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The Rooster Crows – May 22, 2015

Mother Nature’s torrent of four letter words: rain; wind; cold; and, even snow; finally let up on Tuesday, May 19, after pummeling the region for the previous 2 weeks.  In the category of, “It’s always darkest just before the dawn,” or, “It’s always worst just before it gets better,” Monday, May 18, was the nastiest day of a stretch of nasty weather, with the temperature struggling to reach 40 degrees, wind gusts of 35 to 40 mph, dark clouds, rain showers and snow flurries throughout the day.  Mitch Mahrer reports encountering a snow flurry between Cayuga and Geneseo on Monday morning that was blizzard-like in its intensity.  Scattered frost was reported throughout the area on both Monday and Tuesday mornings, but Tuesday dawned with a light breeze and sunny skies, promising better days ahead.  The forecast for Memorial Day weekend is calling for temperatures in the 70’s and the possibility of rain.  That’s the month of May we know and love.

Registration for the annual Relay For Life Tractor-cade will start at 8:00 a.m. on Saturday, June 13, on Main Street in Rutland, according to Jim Lunneborg, organizer of the event.  The caravan of antique and classic tractors will start moving at 9:00, sharp, says Jim, and participants are encouraged to arrive early so they can be ready to start on time.  The exact route has not yet been determined, as it will depend on the condition of roads and trails in the area.  There have usually been 35 to 40 tractors in the tractor-cade, says Jim, and, as of Thursday, May 14, 20 tractor owners had already pre-registered for the 2015 event.  The event is a fund-raiser for Sargent County’s annual Relay For Life fight against cancer, which has its main fund-raiser scheduled for Friday, June 20, in Milnor.  Jim Lunneborg is a cancer survivor, and he and his spouse, Ione, have taken an active role in promoting Relay For Life’s fund raising efforts in Sargent County.

Excavation work at the Rutland Elevator was temporarily stalled by recent rains.  The excavation was being done in preparation for the construction of a foundation and the installation of drains in preparation for the installation of a new electronic scale and driveway at the elevator, the new scale being capable of weighing grain hauling semi-trailer rigs.  Philip, from the Sundale Hutterian Colony, operated the track-hoe that did the excavating.  Rodney Erickson, owner of the Rutland Elevator, expects to have the elevator ready to receive and ship grain prior to the commencement of corn harvest this fall. Read More »

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The Rooster Crows – May 15, 2015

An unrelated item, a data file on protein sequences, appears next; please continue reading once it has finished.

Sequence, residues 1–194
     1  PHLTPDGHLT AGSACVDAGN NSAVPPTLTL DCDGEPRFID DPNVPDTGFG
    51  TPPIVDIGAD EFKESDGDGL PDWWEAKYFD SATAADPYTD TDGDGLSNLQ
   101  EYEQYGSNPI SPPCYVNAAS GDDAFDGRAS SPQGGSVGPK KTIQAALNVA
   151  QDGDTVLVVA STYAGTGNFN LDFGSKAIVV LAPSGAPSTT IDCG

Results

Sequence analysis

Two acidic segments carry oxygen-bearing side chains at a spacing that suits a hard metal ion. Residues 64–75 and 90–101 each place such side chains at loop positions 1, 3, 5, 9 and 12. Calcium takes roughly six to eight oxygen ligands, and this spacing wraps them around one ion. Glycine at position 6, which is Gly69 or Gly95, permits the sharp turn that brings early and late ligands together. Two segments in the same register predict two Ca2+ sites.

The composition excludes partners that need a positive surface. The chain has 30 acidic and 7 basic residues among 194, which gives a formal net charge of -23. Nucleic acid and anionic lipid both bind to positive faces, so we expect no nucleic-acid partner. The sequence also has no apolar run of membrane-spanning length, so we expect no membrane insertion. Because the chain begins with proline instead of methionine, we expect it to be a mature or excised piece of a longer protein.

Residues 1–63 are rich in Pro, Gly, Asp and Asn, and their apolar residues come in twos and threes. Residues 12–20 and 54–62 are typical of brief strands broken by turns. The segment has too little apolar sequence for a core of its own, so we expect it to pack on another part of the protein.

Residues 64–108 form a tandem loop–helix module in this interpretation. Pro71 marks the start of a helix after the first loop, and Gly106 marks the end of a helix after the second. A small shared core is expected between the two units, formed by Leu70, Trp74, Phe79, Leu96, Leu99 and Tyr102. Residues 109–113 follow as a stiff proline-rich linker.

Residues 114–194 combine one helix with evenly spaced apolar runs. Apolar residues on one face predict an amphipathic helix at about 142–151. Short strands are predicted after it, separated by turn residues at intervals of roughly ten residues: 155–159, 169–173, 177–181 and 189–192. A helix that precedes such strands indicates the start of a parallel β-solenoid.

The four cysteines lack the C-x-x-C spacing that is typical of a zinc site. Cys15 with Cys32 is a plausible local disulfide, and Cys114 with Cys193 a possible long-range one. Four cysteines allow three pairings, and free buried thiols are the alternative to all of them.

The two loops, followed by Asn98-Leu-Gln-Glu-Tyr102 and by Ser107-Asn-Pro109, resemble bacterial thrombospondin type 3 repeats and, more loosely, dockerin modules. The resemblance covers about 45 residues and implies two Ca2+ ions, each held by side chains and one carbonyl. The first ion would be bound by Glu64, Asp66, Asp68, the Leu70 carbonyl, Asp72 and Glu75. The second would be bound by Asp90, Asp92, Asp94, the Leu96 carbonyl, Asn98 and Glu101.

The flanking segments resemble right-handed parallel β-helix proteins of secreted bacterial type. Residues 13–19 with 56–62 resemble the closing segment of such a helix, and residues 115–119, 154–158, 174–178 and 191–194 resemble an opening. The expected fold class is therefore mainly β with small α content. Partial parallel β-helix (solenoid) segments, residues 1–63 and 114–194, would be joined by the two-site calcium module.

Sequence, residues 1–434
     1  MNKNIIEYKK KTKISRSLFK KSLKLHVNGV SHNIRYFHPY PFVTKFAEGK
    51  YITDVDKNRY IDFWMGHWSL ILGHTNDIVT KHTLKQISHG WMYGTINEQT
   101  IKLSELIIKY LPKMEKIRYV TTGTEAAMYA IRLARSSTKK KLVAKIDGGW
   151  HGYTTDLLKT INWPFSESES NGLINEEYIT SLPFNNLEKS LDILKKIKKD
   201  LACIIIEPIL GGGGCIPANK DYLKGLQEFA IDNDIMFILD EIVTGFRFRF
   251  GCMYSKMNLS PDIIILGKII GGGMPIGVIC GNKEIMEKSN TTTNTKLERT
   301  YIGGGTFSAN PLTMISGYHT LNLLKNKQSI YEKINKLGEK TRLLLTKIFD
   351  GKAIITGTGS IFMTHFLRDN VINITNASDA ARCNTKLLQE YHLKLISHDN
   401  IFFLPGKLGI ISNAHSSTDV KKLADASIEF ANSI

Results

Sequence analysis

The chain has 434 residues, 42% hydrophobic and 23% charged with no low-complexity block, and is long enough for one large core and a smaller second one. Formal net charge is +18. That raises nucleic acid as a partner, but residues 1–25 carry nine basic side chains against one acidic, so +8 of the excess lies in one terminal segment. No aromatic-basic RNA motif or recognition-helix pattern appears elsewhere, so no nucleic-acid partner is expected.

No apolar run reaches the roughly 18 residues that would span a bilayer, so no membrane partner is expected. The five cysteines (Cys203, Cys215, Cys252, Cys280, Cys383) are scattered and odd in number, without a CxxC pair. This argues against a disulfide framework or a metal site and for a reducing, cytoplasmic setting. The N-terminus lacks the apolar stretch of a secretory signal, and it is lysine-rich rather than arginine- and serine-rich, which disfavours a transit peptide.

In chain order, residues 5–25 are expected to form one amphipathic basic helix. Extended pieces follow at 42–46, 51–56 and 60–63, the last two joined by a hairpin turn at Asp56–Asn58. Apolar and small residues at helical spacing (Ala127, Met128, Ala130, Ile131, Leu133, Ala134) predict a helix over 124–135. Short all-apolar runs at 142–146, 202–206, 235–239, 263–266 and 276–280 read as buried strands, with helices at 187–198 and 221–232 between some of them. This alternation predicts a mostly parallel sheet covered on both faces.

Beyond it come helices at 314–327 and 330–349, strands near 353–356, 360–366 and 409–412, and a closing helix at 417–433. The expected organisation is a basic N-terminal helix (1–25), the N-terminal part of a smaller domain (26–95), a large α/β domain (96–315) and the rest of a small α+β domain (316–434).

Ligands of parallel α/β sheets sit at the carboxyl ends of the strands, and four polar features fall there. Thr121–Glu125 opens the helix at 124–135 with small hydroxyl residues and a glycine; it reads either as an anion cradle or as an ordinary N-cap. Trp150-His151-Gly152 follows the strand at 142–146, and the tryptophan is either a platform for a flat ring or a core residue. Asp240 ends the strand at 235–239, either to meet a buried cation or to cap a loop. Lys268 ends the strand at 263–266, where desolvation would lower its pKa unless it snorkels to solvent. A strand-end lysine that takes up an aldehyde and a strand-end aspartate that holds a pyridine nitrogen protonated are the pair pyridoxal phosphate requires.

Oh, how quickly conditions change!  In the past week, the local theme song has been changed from “It Ain’t Gonna Rain No More” to “Raindrops Keep Falling On My Head,” and the weather experts are predicting that “How High’s The Water, Momma?” will hit the top of the charts by next week.  showers on Wednesday and into Thursday morning, May 6 & 7, left .7 of an inch of rain in Rutland.  A cold front then moved through the region, holding the high for VE Day, Friday, May 8, to the mid-50’s and dropping temperatures to the freezing mark on the morning of Saturday, May 9.  Heavy rains on Sunday and Monday, May 10 & 11, accompanied by high winds, left an additional 3.2 inches of rain in Rutland, according to the rain gauges in Roger & Sharon Pearson’s backyard at 409 Gay Street, at Richard Bradbury’s residence at 419 Cooper Street and at Ron Narum’s place at 422 1st Street.  Tuesday, May 12, a sunny and cool day, gave a brief respite from wind and rain, but both returned with a vengeance on the morning of Wednesday, March 13.  For the past decade, every time the Sargent County Commission has adopted a fire danger proclamation, the act has been followed, almost immediately, by heavy rains sufficient to remove the danger, or even the possibility, of open burning.  2015 is no exception.  On Tuesday, May 5, four members of the County Commission: Mike Walstead; Jerry Waswick; Sherry Hosford; and, Bill Anderson; voted to approve a fire danger proclamation to go into effect when the Governor’s Statewide proclamation expired at Midnight on Friday, May 8.  Only Commissioner Dave Jacobson voted against the proclamation, leading to speculation that he may have had inside information about the Almighty’s plan for future precipitation.  At any rate, true to pattern, the rain began to fall on Wednesday morning, less than 24 hours after the adoption of the fire danger proclamation.  For now, the rain has put an end to the fire danger posed by open burning, and the proclamation is effectively moot.  Unfortunately, there is no record of a County flood disaster emergency declaration being able to turn off the spigot once it has been turned on, so keep the boat handy.